Last year, Lightspeed Magazine had a special issue in which "Women Destroy Science Fiction" (and horror, and fantasy.) Now, Lightspeed is following up with "Queers Destroy Science Fiction." And today's the last day to support the Kickstarter. But why should you care about getting more LGBT SF? The editors of the issue explain.
Mark Oshiro, nonfiction editor:
One of the more important aspects of this issue is the centering of queer issues so that we can talk about how science fiction can affect our lives, both for the positive and the negative. It's easy to assume that everything that has been written in this genre is already out there. But queer folks can bring a perspective to the genre that has been largely lacking in the past. My hope is that QDSF can broaden what we consider part of The Science Fiction Canon. There's so much room to make this genre varied and complicated and nuanced, and I want to help move us in that direction.
Steve Berman, reprint editor:
A great deal of Queer speculative fiction has a shoestring budget. Mainstream publishing is, at heart, conservative. As author Malinda Lo has demonstrated with statistics, the number of LGBTAQ and I books in the vibrant young adult field is a tiny fraction; whether or not Queer individuals number 5% or 10% or even 15% of the reading population, the books that cater to their experiences, that offer positive representation with Queer protagonists is terribly low (same with ethnicities other than White and with disabled leads). The adult market is not much better.
As the owner of a small press specializing on Queer speculative fiction, I face a constant (and continually frustrating) challenge to get the books we publish into the hands of Queer readers. Most of the gay and lesbian periodicals are no longer in print. Most of the gay and lesbian booksellers have closed shop. Websites devoted to such books tend to focus more on erotic and romantic books. How does a bisexual man in Idaho discover a science fiction story he can relate to and fall in love with?
My goal, as editor and publisher and writer has always been to provide readers like myself with something quirky, something strange and fantastical, something eerie, to read and remember not merely for the weird but also for the Queer. QDSF is helping that dream happen.
One exciting area of the evolving Queer visibility and vitality in Queer genre fiction is the move away from strictly "coming out" literature to stories that involve Queer characters in situations that were given to heteronormative individuals. "Queerness" is becoming more of a non-issue. A gay astronaut? Why not. A lesbian swashbuckler rescuing a peer of France? Sounds exciting! Tiresias from Greek myth portrayed as a transgender philosopher investigating the poisoning of an Athenian statesman? I'm ready for his next mystery.
What this shows is that authors (and, conceivably, the marketplace) have reached the next step in Queer writing: now that folk are "out" what happens next in their lives? Adventures, mishaps, high jinks…the wealth of human imagination is now in play for such characters. There is still a need for "coming out" tales; not every Queer person has the drive, the freedom, or even awareness of being self-actualized young in life. For some it remains a long and difficult journey. But if the closeted can discover, can devour, stories that show life does move steadily onwards after announcing a minority sexual or gender identity, then their path to pride and acceptance is one step closer to achievement.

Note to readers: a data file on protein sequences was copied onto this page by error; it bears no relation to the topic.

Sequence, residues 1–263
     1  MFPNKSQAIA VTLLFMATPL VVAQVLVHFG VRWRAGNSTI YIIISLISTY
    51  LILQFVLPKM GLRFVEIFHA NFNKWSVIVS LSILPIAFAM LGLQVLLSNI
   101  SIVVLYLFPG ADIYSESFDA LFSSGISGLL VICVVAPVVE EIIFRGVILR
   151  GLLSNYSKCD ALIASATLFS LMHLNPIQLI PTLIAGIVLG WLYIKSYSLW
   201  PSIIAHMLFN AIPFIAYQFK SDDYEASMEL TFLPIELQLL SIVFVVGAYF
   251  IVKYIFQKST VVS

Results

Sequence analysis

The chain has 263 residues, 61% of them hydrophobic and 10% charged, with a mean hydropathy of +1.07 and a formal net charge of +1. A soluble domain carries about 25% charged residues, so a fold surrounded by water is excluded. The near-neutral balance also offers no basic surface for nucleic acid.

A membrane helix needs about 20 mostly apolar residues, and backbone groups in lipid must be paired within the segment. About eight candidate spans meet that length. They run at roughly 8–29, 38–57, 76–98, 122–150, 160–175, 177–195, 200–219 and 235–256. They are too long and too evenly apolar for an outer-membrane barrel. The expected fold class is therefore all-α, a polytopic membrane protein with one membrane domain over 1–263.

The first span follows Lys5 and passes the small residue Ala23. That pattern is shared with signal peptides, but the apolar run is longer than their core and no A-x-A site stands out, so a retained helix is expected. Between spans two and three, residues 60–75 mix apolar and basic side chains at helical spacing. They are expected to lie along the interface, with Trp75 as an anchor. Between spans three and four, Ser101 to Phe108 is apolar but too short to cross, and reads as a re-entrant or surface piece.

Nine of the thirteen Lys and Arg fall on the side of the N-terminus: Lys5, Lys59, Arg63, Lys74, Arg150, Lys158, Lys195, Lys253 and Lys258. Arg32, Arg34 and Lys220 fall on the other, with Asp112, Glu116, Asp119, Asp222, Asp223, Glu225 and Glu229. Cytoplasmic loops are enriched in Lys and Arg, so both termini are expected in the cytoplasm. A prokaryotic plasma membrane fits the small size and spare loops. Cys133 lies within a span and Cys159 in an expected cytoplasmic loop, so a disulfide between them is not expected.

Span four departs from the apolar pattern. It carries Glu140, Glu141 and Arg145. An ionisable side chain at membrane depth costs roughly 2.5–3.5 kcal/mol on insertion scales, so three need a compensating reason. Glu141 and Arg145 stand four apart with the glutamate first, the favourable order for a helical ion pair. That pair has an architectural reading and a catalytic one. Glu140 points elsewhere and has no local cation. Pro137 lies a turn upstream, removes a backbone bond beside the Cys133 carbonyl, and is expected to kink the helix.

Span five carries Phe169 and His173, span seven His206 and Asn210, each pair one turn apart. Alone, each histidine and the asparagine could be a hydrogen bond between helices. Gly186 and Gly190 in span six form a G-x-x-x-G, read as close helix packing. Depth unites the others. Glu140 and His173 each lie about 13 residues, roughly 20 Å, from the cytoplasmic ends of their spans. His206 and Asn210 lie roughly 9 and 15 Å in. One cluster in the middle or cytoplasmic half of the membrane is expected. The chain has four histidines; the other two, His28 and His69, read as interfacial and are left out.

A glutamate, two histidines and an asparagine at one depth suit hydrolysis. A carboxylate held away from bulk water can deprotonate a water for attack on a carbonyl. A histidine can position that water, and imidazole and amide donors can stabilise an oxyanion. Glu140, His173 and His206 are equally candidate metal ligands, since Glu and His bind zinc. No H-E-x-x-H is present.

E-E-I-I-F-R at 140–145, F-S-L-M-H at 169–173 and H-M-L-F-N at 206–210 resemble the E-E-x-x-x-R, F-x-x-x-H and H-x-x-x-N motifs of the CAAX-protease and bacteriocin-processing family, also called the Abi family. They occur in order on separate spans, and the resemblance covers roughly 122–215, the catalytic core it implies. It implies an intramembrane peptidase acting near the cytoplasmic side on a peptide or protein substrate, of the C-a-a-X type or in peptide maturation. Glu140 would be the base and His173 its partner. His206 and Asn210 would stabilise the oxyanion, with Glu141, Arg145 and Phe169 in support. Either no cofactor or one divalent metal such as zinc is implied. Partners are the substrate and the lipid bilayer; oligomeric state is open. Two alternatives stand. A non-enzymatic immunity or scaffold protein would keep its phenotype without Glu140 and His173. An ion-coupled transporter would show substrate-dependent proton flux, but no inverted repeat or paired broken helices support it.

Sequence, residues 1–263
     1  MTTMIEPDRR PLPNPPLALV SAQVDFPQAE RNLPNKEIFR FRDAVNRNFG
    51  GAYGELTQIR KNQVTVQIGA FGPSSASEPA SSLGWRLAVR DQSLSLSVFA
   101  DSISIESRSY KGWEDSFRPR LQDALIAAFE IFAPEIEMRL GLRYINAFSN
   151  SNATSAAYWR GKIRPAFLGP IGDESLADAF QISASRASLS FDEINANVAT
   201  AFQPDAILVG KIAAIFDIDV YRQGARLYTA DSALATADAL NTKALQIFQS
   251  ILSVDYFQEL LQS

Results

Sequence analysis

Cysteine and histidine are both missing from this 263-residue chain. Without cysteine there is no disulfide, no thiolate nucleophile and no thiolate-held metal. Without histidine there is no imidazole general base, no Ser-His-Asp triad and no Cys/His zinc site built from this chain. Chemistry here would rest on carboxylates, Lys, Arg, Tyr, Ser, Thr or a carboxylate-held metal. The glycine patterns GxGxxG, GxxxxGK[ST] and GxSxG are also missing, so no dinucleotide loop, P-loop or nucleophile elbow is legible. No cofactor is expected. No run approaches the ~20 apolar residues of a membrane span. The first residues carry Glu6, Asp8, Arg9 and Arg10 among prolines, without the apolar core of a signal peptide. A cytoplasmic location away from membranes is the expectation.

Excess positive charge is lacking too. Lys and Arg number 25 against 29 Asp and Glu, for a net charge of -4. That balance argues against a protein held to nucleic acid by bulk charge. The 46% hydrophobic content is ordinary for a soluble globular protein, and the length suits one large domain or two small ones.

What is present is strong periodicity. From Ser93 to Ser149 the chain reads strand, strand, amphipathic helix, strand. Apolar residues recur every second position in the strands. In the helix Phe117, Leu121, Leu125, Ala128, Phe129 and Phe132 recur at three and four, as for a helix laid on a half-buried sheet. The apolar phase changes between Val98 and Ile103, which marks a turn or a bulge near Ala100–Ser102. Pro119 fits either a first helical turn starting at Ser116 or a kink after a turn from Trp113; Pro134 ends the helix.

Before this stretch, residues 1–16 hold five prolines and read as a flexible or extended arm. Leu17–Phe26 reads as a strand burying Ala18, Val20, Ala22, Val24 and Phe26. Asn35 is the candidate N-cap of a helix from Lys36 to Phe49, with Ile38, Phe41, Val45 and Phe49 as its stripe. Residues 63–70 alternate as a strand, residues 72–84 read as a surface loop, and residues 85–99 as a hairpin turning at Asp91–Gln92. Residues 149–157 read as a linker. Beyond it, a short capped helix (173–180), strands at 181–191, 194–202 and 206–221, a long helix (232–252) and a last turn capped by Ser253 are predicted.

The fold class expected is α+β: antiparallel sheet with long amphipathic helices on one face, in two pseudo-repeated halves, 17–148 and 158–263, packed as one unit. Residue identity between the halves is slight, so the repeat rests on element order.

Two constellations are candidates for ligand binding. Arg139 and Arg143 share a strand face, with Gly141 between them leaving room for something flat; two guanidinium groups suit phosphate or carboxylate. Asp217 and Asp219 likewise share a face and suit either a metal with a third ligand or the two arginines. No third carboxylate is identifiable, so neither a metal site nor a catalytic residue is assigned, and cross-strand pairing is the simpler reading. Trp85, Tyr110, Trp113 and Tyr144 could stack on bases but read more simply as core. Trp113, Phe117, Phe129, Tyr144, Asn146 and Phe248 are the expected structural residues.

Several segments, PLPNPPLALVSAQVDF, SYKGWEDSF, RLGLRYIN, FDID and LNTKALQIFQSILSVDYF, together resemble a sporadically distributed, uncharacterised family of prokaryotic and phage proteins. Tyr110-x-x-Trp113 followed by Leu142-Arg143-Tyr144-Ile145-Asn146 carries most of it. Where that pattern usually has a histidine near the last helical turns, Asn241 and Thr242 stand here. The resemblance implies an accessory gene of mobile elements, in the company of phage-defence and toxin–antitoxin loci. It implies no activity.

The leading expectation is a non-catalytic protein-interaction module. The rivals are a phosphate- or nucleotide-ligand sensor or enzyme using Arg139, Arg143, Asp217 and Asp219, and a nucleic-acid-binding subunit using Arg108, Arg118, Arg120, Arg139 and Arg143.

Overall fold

Wendy N. Wagner (managing editor):
As I've collected the personal essays for QDSF, I've had several of the writers tell me that they have work that's been rejected from publications because their work was "too gay" or because it put too much focus on trans issues or it just wasn't mainstream enough. I think this happens to women and other marginalized voices, too—some publications just aren't interested in sharing work that deviates from their sense of the social norm. But I believe that writers create their most insightful work when they have the space to draw on their entire personal experience, and the Queers Destroy projects are places where queer writers can feel free to be themselves, truly and deeply. That's got to encourage people to dig deep and create something amazing.
The Queers Destroy projects are about inclusivity and making SF/F a safer, more welcoming space for queer writers. This isn't about making one great market for queers and other marginalized voices—I hope that seeing the SF/F community rally around the Destroy projects will empower people to destroy all kinds of publications with their great fiction.
Queers Destroy SF!—and the project I'll be guest-editing, Queers Destroy Horror!, is important to me because being bi has colored my work so deeply, and I feel lucky that I've found markets that have been friendly to me. Being queer is like being a woman: it's part of my identity, it's part of my body, it's part of my personal voice and way of seeing the world. Literature is only as good as the unique truths it conveys, and Queers Destroy is a way to put a microphone up to writers whose truths often get hidden or overlooked. If I can encourage more great writers to speak up and be themselves, then I'll feel like I'm a success as an editor.
Seanan McGuire (guest editor-in-chief):
Empathy comes from exposure, and empathy matters. If we remove everyone who is not a reflection of the nebulous "norm" from our fiction, we don't learn how to see other people as people. That's not just a shame; it's wrong. We need to be exposed to all the wondrous diversity of the human condition through fiction, so that we are better prepared to recognize and adore it in reality.